Avalon cast: Malgorzata Foremniak, Bartek Swiderski, Zuzanna Kasz, Jerzy Gudijka, and Dariusz Biskupski director: Mamoru Ishii 106 minutes (R) 2001 widescreen ratio 1.85:1 Miramax DVD Region 1 retail Also available to buy on video RATING: 9/10 reviewed by Amy Harlib

An unusual Asian treat (in Polish with English subtitles) screened at the Walter Reade Theatre in New York City’s Not Of This Earth: Sci-Fi Unbound film festival through 11th January 2004. Avalon, a live-action feature from Japanese director Mamoru Oshii (famed for the full-length anime classic Ghost In The Shell, 1985), though picked up by USA distributor Miramax and easily obtainable on video and DVD, never got the theatrical release it deserved and it is terrific on the large screen.
The title ‘Avalon’, borrowed from Arthurian myths about a legendary island resting place for the souls of deceased heroes, in the film refers to an illegal and habit-forming multi-player, online, role-playing game engrossing thousands of mostly young adults in a dystopian, near-future Middle Europa (actually metropolitan Polish locations). Thrilling, hi-tech, guerrilla warfare scenarios comprise the setting of this virtual reality game that connects players who select a class they wish to role play with goals to gather equipment, earn experience points and advance to higher levels.
Participants can adventure solo or in teams while coping with commonplace effects like time-lag which can ‘kill’ (force one out), and reset, which can be used to save oneself. When inside the VR dimension, the players appear wearing snazzy, mechanistically accessorised combat suits and wielding equally cool-looking, gadgetised weaponry. The game’s greatest and real challenging danger comes from potentially losing one’s mind in the flood of data and becoming one of the ‘unreturned’, forever cut-off from the physical body, trapped in a vegetative state.
Avalon the film’s photography uses unique sepia-tones to heighten the sense of blurred boundaries between mundane reality and the alluring VR gaming world where cyberspace effects get shown with digital image manipulation comprised of glowing, pastel spectrums of colours. This against the monochromatic, earth-coloured backgrounds produces dazzling visuals not quite like any seen before, rendering more compelling the story focusing on a top-notch, warrior-class, soloist celebrity of the Avalon game. Elegant-looking, intelligent, obsessed young woman Ash (Malgorzata Foremniak), named so for the white streak in her dark, shoulder length hair, earns what few others can achieve – enough to make a living from playing Avalon. Ash, living alone with only her pet basset hound companion in an apartment amidst post-industrial decay and indifferent pedestrians, centres her life on Avalon and social contact related to the same.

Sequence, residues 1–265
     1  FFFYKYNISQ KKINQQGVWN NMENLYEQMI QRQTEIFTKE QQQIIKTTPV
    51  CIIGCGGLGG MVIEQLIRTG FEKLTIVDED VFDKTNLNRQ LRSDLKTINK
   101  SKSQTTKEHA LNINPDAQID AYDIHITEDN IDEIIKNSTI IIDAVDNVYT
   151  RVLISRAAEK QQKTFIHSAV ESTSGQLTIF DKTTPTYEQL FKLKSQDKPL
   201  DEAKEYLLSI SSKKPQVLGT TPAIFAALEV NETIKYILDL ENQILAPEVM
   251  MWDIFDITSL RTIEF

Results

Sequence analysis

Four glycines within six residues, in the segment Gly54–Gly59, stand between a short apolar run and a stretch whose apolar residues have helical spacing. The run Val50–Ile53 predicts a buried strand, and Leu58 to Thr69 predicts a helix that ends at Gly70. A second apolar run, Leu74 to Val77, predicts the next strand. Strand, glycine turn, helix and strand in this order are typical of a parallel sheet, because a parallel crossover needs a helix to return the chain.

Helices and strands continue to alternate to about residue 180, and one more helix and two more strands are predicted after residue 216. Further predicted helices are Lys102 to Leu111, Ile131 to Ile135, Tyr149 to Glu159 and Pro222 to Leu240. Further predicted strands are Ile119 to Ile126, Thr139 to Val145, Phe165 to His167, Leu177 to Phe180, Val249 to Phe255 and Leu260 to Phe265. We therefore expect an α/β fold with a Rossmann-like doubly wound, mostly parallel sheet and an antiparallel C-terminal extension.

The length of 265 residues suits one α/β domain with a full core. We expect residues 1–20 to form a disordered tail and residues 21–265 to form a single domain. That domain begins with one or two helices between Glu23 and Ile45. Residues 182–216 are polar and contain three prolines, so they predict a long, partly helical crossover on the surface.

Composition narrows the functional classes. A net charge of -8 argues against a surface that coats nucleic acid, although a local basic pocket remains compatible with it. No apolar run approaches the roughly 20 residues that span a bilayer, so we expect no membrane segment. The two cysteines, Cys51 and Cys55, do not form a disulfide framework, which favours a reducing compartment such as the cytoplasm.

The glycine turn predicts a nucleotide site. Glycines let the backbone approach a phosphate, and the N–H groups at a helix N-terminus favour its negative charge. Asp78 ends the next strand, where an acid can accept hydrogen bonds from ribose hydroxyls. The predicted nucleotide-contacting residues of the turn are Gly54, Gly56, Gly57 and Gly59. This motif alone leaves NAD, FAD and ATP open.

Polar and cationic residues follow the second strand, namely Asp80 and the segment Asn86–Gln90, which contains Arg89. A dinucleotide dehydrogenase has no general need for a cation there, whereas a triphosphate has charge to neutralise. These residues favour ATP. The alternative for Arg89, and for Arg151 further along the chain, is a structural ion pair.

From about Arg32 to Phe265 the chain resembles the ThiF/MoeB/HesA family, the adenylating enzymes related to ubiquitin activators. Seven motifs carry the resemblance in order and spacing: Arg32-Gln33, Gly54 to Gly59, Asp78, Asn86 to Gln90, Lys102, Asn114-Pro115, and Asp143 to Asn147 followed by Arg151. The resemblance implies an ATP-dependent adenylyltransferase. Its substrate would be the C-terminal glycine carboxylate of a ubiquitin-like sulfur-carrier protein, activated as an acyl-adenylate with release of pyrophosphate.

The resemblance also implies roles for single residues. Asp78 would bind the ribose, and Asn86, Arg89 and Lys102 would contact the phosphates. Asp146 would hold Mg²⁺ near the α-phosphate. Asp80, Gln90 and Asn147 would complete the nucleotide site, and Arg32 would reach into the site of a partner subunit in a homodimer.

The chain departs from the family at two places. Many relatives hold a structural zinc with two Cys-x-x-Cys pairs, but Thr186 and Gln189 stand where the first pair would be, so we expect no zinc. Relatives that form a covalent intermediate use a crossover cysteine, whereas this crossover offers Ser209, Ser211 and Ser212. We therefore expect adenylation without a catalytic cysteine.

Ash’s routine gets jolted encountering Stunner (Bartek Swiderski), a creep from her past when she belonged to a team. Stunner entices Ash with insinuations concerning a clandestine, ultra-high level within Avalon, reachable only by a team including a prestigious bishop-class character capable of tracking down and surviving to confront the innocuous-seeming, moppet-like, elusive and enigmatic Ghost (Zuzanna Kasz). She functions to embody the Gate to the hazardous, hidden plane permitting no use of resets to escape yet possibly offering substantial remunerations, the purpose if this level remaining unknown – a potential rogue program?
Avalon’s risks become emphasised when Ash, after unsuccessful efforts by herself to find the secret zone, learns that her old group leader Murphy (Jerzy Gudijka), became one of the ‘unreturned’ after he failed to attain the same. Ash then allies with Stunner and a Bishop (Dariusz Biskupski), and together they elude the wary, paternal Game Master (Wladyslaw Kowalski) and with guile and struggle, access the sought-after level resulting in a startling, revelatory climax enhanced by photography in full-colour contrasting with everything seen before.
The film Avalon will please fans of director Oshii’s earlier work and aficionados of The Matrix, Dark City and the cyberpunk science fiction subgenre in particular, engrossing as well, lovers of thoughtful, speculative entertainment in general. This picture dazzles with its exceptional cinematography combined with judiciously spare, seminal special effects to depict a fascinating near-future metropolitan milieu of disaffected yet intriguing characters played by a cast of unknown yet talented actors. The star portraying Ash especially stands out, projecting a smouldering, intense intelligence within her lovely, expressive body.
She makes the viewer want to follow her navigations of Avalon’s world, a setting designed to provoke questions about the nature of reality, about the power of imagination and concerning the eternal human need to escape narrow confines of daily life for something more fulfilling. Kenji Kawai’s haunting score punctuated by an original choral refrain and blending the synthesiser with a full orchestra, perfectly accompanies everything. At times Avalon’s narrative becomes slow-paced, opaque and enigmatic, the ambiguous ending being particularly strange. These qualities, potentially exasperating for those insistent on slam-bang, mindless Hollywood action make Avalon rewarding for audiences willing to appreciate this film’s challenges and its share of visceral thrills amidst its mostly surreal, even dreamlike ambiance. For distinguished, different, provocative cinematic entertainment, the viewer would do well to seek out and explore Avalon.